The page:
Thailand has charged several people in connection with a series of deadly attacks earlier this week in southern Thailand. Police in Thailand arrested two Islamic leaders and two members of a Muslim separatist group suspected of involvement in this week's violence in southern Thailand.

Six people - four soldiers and two police officers - were killed this week during attacks on a military armory and several police stations. Nearly 20 schools were set on fire.

Some fear international Islamic terror organizations are involved, while others blame domestic groups.

Thailand's population is mostly Buddhist, but the south is home to nearly six million Muslims.

Interior Minister Wan Muhamad Noor Matha, who oversees police and security, says a local group, called the Bersatu, might be responsible. The Bersatu is an umbrella group for several separatist organizations in the south.

Other security officials say the attackers may be connected to the Southeast Asian terrorist network, Jemaah Islamiyah. That group was responsible for the 2002 bombings on the Indonesian resort island of Bali and is linked to the al-Qaida network.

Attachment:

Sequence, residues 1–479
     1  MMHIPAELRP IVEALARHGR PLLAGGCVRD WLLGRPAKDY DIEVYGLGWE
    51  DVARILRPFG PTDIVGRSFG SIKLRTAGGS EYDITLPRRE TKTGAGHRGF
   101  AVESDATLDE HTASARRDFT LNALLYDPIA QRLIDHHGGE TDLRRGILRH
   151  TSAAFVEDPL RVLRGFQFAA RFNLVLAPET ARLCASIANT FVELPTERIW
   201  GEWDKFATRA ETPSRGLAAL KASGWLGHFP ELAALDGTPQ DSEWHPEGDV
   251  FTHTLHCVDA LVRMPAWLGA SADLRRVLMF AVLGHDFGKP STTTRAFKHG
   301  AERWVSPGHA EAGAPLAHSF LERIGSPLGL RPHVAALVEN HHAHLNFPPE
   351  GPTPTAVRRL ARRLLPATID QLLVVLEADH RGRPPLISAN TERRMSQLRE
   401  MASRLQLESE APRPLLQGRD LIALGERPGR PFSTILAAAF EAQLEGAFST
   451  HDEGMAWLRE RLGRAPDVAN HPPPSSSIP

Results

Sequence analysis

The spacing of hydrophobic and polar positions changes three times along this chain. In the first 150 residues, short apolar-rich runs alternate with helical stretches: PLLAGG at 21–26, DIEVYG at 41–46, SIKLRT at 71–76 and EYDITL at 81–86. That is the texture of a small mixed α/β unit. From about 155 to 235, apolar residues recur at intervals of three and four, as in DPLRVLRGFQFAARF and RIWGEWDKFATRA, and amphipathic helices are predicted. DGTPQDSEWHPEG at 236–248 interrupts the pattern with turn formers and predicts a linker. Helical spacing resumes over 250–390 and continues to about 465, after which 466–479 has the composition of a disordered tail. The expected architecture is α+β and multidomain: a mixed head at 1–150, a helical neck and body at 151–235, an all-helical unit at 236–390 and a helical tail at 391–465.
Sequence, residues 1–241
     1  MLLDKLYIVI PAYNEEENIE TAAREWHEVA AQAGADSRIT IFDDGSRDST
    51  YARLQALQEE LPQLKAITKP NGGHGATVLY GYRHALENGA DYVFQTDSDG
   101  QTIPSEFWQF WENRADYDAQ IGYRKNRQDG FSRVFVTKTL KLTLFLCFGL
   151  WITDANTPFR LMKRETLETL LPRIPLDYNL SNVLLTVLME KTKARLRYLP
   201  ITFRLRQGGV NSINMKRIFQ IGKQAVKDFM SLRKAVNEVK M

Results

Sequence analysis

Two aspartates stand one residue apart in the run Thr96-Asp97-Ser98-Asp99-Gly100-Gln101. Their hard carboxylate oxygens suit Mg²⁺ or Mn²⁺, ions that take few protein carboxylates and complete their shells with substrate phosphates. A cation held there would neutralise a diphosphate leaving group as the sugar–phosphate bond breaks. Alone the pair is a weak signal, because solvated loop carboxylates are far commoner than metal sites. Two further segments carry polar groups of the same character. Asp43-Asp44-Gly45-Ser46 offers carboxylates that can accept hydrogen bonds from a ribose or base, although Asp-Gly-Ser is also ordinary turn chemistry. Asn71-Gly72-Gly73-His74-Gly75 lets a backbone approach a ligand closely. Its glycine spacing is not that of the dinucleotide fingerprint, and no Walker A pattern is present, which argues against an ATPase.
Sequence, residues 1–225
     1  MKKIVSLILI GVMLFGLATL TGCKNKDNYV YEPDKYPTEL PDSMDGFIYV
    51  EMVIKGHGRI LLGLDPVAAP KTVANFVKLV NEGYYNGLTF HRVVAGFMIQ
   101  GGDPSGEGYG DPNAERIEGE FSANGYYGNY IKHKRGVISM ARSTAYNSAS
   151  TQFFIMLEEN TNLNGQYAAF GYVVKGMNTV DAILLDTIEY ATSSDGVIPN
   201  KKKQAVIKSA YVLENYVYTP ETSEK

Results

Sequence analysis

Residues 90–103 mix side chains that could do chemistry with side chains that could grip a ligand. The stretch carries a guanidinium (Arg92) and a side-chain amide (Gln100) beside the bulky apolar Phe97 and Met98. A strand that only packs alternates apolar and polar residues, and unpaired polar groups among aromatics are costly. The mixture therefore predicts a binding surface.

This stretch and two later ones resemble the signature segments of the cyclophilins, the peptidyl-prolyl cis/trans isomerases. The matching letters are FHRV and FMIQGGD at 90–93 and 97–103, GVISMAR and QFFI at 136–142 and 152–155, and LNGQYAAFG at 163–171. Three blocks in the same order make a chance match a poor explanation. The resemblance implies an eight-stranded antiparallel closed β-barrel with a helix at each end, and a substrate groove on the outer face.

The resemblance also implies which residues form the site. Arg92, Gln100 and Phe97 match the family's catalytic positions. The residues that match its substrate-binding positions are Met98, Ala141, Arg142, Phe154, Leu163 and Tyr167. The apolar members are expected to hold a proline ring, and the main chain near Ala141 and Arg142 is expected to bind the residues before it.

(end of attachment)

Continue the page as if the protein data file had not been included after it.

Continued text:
But on Friday, Foreign Ministry Spokesman Sihasak Puangketkeow said a domestic group carried out the attacks.

"We don't believe that those who were involved in the incident ? have any links with terrorist groups outside the country," he said. During the 1970s and 1980s, waves of Muslim separatist insurgencies swept through primarily Buddhist Thailand. Through arrests, amnesties and cross-border deals with Malaysia, the government put an end to most of the upheaval.

With the renewed violence, Thai newspaper editorials on Friday called for the re-introduction of a joint police, military and civilian security command unit, which was dismantled by Prime Minister Thaksin Shinawatra.

The editor of The Nation newspaper, Thepchai Yong, says the security command is necessary for accurate information on turmoil in the south.

"The government has been in the dark all along, since they dismantled the joint police, civilian, and military unit," he said. "And there has always been conflicting intelligence reports as to what really goes on in the south."

Mr. Thepchai also called on the government not to overreact. He says a heavy-handed crackdown may lead to further alienation of the Muslim population.